Internet Explorer 11 will debut with Windows 8.1, and thanks to its ability to harness a device's GPU, it should provide blazingly fast performance while supporting a host of modern programming languages. Microsoft also claims IE 11 will support up to 100 tabs without putting a strain on battery life.
But like the original version of Windows 8, the update will evidently still include two versions of the Internet browser -- one for the desktop, and one for the Modern UI.
For all the fluidity Microsoft has managed with SkyDrive, the company has struggled to get the two sides of Windows 8 to cohere. In an interview before Build, Forrester analyst Dave Johnson noted to InformationWeek that IE behaves differently in each UI, and that certain defaults, such as the version of IE that will open a link, can be confusing. "It should just be consistent behavior," he said.
Microsoft VP Dean Hachamovich argued at Build that Windows 8 needs two versions of IE because each UI is suited to different use cases and different ways of engaging with content. This is a fair point. But it remains to be seen if users like the way Microsoft has responded to these divergent use cases. If not, the user-centric attitude that Larson-Green described might be tantamount to a good intention executed inconsistently.
5. The Windows Store looks better and will soon include some big-time apps.
Windows 8 launched with a relatively meager selection of mobile apps, and though it now features almost 100,000 titles, the Windows Store is still a long way behind marketplaces for iOS and Android. Worse, according to at least one study, users have been largely indifferent to the Windows 8 apps that are available, many of which cost more than they do on competing platforms.
Nevertheless, things are looking up for Modern apps. At Build, Ballmer said a native Facebook app would soon come to Windows 8, and one keynote also included a preview of PowerPoint for the Modern UI. Slowly but surely, big-name titles are reaching Microsoft's platform.
Users still need to buy these apps, though, and that's where the redesigned Windows Store comes in. It now features a cleaner look that makes better use of space -- an important concept, given that many Modern UI users will rely on tablets with small screens. It also includes a Spotlight section on the front page, as well as areas for recently launched apps, the top paid apps and the top free apps. Personalized recommendations are included, with search functions that now hook into Bing. The Windows Store can also support gift cards.
6. Developers have more tools to build compelling apps for Windows 8.1.
An improved marketplace and the gradual accrual of popular apps should inspire more developers to write for the Modern UI. To provide further encouragement, Microsoft has released a preview version of Visual Studio 2013, a toolkit with which developers can build and test new apps. It also opened Bing as a development platform, including not only search functions but also rich graphics and new ways to display content culled from disparate sources.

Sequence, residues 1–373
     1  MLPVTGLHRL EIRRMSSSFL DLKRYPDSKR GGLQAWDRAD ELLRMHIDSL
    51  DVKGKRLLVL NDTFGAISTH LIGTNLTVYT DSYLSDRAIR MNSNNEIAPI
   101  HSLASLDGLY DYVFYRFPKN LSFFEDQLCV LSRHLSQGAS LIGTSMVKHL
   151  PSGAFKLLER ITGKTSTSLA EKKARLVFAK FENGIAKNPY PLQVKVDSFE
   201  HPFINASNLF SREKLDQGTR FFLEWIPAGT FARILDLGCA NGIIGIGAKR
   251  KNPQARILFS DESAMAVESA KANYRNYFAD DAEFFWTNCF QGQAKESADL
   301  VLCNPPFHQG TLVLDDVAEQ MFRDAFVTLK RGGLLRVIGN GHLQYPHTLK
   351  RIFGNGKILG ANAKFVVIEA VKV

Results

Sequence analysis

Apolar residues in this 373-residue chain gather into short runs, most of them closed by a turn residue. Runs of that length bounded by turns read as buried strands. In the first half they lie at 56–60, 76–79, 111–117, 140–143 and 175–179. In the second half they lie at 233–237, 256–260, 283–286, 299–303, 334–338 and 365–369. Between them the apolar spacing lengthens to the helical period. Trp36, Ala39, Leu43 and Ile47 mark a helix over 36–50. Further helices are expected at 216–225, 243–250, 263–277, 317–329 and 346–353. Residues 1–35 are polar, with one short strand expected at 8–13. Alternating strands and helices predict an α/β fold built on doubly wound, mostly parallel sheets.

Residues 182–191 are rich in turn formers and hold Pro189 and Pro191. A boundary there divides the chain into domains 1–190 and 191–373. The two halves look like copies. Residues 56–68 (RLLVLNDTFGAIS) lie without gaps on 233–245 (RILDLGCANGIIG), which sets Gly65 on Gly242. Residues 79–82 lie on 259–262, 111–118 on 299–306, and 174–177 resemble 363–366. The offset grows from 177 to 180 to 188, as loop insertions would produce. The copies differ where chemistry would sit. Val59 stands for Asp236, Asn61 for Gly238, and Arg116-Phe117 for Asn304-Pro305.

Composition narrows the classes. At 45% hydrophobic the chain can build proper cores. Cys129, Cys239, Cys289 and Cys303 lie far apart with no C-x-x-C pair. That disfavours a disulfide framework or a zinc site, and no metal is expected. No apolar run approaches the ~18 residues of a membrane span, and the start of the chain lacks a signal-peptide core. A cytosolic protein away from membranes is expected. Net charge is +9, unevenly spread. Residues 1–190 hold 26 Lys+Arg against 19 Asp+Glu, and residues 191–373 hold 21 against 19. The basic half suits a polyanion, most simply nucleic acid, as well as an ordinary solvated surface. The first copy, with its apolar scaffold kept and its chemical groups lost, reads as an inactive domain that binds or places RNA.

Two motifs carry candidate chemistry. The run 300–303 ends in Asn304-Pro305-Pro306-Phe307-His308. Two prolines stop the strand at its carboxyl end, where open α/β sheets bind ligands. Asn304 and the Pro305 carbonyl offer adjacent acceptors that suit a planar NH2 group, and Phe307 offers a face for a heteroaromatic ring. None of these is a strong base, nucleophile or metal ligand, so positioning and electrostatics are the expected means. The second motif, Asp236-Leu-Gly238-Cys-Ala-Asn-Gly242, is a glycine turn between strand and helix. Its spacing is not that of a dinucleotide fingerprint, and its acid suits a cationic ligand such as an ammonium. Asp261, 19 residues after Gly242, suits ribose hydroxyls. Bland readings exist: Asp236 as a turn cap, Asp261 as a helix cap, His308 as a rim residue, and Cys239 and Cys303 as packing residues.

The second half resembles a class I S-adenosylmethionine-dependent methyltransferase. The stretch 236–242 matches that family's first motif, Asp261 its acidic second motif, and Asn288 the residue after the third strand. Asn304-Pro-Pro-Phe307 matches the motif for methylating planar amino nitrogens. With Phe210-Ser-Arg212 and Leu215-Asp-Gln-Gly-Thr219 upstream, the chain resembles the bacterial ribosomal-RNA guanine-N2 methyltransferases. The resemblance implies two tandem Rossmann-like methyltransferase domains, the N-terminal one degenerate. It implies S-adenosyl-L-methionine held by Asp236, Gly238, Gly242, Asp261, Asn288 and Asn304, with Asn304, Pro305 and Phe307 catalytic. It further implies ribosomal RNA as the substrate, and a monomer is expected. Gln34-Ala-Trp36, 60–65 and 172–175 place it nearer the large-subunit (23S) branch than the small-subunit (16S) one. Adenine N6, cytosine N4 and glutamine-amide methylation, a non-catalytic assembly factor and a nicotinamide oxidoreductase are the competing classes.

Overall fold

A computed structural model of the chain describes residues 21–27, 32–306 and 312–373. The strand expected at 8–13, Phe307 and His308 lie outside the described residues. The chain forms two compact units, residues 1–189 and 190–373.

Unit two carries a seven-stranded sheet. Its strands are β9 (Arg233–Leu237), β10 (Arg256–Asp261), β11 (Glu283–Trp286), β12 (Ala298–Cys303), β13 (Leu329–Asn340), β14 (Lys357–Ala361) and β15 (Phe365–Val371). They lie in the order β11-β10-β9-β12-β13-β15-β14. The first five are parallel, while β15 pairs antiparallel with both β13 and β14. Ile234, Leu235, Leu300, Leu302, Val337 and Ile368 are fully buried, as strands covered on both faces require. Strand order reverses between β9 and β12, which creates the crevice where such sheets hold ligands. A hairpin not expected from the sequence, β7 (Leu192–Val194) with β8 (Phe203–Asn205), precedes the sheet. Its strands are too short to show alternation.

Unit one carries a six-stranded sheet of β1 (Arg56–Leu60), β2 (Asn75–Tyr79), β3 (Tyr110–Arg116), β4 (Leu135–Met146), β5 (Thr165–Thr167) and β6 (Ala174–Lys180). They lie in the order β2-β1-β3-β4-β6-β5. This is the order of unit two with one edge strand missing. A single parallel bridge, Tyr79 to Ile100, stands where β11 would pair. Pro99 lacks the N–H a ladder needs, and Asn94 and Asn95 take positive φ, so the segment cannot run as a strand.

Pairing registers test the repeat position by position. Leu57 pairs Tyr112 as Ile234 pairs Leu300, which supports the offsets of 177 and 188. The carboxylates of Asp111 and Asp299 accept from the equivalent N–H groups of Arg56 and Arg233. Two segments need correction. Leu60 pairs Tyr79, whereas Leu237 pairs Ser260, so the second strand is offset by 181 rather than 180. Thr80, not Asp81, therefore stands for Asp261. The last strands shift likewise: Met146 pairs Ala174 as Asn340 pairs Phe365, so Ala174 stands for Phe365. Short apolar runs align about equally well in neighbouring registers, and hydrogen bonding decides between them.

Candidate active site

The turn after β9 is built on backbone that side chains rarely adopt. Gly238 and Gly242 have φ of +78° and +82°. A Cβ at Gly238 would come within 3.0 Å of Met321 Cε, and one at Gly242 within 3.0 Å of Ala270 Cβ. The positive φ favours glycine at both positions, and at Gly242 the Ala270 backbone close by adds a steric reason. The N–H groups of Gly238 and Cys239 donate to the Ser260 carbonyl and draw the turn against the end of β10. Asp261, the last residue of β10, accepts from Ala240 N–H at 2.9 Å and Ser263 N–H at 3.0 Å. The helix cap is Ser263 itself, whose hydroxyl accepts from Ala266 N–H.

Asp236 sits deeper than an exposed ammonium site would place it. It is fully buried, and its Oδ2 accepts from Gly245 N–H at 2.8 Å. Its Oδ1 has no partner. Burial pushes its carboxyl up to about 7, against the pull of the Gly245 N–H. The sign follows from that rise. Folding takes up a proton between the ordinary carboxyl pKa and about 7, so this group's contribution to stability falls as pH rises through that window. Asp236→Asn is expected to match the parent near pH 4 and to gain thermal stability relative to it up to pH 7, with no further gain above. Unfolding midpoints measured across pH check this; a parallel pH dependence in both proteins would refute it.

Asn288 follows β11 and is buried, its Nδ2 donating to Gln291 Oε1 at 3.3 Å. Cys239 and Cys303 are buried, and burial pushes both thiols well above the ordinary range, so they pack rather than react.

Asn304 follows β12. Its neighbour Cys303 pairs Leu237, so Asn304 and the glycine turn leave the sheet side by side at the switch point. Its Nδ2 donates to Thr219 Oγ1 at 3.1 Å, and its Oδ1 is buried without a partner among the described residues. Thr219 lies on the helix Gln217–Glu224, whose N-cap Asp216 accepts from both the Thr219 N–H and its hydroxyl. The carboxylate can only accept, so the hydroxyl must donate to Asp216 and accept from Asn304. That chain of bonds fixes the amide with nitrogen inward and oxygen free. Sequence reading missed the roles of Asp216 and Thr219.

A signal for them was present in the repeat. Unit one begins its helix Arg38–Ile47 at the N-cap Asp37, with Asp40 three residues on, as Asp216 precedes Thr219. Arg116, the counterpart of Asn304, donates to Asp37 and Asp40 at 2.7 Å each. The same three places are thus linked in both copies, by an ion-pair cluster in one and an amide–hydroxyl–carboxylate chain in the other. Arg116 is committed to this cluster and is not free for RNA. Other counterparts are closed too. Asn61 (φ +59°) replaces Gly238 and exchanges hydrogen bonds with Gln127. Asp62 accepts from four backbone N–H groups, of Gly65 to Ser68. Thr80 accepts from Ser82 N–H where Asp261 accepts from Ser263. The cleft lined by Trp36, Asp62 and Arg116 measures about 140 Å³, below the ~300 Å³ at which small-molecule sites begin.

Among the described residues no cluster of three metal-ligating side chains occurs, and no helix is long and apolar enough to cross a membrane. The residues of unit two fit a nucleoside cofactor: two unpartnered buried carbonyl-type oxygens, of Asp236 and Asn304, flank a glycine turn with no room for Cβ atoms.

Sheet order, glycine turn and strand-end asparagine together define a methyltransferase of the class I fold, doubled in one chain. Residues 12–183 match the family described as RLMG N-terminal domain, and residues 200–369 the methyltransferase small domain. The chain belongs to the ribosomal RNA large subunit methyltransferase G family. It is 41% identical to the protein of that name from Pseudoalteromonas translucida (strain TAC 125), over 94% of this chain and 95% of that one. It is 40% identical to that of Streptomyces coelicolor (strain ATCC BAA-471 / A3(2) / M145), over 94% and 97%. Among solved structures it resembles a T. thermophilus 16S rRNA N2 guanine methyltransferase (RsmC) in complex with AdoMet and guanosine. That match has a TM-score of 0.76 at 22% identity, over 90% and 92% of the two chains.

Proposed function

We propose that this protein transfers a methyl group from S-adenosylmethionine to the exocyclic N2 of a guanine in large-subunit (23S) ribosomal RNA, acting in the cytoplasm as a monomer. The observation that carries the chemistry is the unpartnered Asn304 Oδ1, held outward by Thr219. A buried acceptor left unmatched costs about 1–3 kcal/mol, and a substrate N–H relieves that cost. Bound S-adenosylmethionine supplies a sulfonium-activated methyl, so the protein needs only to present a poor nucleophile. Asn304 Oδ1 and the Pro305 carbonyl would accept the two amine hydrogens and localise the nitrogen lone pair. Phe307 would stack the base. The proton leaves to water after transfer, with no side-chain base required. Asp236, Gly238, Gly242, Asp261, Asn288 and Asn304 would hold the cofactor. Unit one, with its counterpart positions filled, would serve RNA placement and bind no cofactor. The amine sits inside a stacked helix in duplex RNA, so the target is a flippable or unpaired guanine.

Prior to Windows 8.1, the Windows Store was more about catching up to iOS and Android than about cultivating a unique personality. If developers can make the most of Bing, that could change -- and nothing, as the iPad has shown, drives consumer adoption like new and delightful experiences.
7. Windows 8.1 includes hooks to cutting-edge technology, including 3-D printing.
Speaking of new and delightful experiences, Windows 8.1 will include support for a variety of new technologies. At Build, Microsoft executives claimed that users will be able to create 3-D objects on their PCs as easily as they create documents in Word. The keynote included references to low-cost 3-D printers that will soon be available not only at Microsoft's retail stores but also via big-box sellers such as Staples. As these printers creep into the consumer space, Microsoft's enthusiasm for the concept could pay dividends.
Microsoft also showed off a robot built from Lego's Mindstorms EV3 platform. Able to be controlled by a Windows 8 tablet, the robot was composed of the same small bricks most of us used as children, which offers an entirely new way to interact with Windows technology.
8. Installing the Windows 8.1 preview can be tricky.
Microsoft calls Windows 8.1 a "preview," but that's really just a euphemism for "beta." You can download Windows 8.1 right now, in other words, but the update's not finished yet, and to a certain extent, you'll be installing at your own peril. Some apps will work, others won't.
More to the point: Microsoft's FAQ makes clear this update is for tech-savvy users, not curious minds that simply want to take a test drive. The company warns that "uninstalling the preview isn't supported", but that "it may be possible to restore your entire system to its factory condition." If those words mean nothing to you, you probably want to wait for the final release.
If you install the preview on a system running Windows XP, Windows Vista or Windows 7, you'll only be able to get rid of Windows 8.1 by reinstalling the original OS. Windows 8 devices make the process easier, but you'll still probably have to reinstall apps. And if any of the few Windows RT users decides to give the preview a whirl, they will be stuck permanently. WinRT won't allow the preview to be removed; it can only be upgraded to the final version, when it becomes available.
All of the above assumes that you use the Windows Store to install the update. It's also available as an ISO file, but that makes the removal process more complicated, particularly if you use a Windows 8 tablet. If you decide to give Win8.1 an early look, be sure to back up your files first.